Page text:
Microsoft Exchange servers are an ideal target for attackers looking to burrow into enterprise networks, says Microsoft, as “they provide a unique environment that could allow attackers to perform various tasks using the same built-in tools or scripts that admins use for maintenance.”
And while they are not the initial entrance point in the majority of cases, the company has witnessed lately a rise in attacks aimed at compromising Exchange servers by exploiting an unpatched flaw – more specifically CVE-2020-0688, a patch for which was released in February 2020.
While the attackers need to have compromised, valid email credentials to access the server before attempting to exploit the flaw, they are obviously succeeding in getting their hands on them. (Kevin Beaumont explained why that’s not much of a problem.)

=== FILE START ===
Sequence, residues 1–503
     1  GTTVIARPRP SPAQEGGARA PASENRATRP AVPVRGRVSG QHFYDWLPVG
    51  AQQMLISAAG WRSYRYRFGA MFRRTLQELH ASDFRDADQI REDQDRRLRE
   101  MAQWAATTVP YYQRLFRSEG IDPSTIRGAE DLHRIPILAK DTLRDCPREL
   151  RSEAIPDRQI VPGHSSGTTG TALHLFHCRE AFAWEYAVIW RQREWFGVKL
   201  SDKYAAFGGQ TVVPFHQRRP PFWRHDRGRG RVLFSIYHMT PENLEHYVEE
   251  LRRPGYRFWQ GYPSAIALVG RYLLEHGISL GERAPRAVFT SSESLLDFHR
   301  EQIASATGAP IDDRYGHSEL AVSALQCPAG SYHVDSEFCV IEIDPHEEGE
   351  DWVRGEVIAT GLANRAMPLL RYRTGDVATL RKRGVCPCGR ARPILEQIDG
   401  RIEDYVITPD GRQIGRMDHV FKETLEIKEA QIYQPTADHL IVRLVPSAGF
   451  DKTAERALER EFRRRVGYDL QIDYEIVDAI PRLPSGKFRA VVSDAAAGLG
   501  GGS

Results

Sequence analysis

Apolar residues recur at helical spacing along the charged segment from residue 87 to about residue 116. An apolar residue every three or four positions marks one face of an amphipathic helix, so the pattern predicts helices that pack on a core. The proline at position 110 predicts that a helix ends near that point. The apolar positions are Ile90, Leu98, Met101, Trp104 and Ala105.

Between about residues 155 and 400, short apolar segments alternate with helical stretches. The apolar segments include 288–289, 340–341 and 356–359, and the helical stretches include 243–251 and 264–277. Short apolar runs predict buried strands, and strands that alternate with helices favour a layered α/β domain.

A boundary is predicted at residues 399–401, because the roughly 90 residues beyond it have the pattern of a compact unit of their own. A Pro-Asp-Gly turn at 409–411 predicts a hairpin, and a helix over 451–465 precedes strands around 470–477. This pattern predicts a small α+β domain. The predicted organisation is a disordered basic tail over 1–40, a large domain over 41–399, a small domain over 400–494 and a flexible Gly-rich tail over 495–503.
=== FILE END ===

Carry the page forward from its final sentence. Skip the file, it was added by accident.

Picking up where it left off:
“This is an attacker’s dream: directly landing on a server and, if the server has misconfigured access levels, gain system privileges,” the Microsoft Defender ATP Research Team noted. And, unfortunately, there are still too many internet-facing, unpatched Exchange servers out there.
The attack chain
According to Microsoft, April was the month when multiple campaigns began to target Exchange servers.
After gaining access, the attackers proceeded to install web shells to allow them to control the server remotely, and then started exploring its environment for info on domain users and groups, other Exchange servers in the network, and mailboxes, as well as scanni ..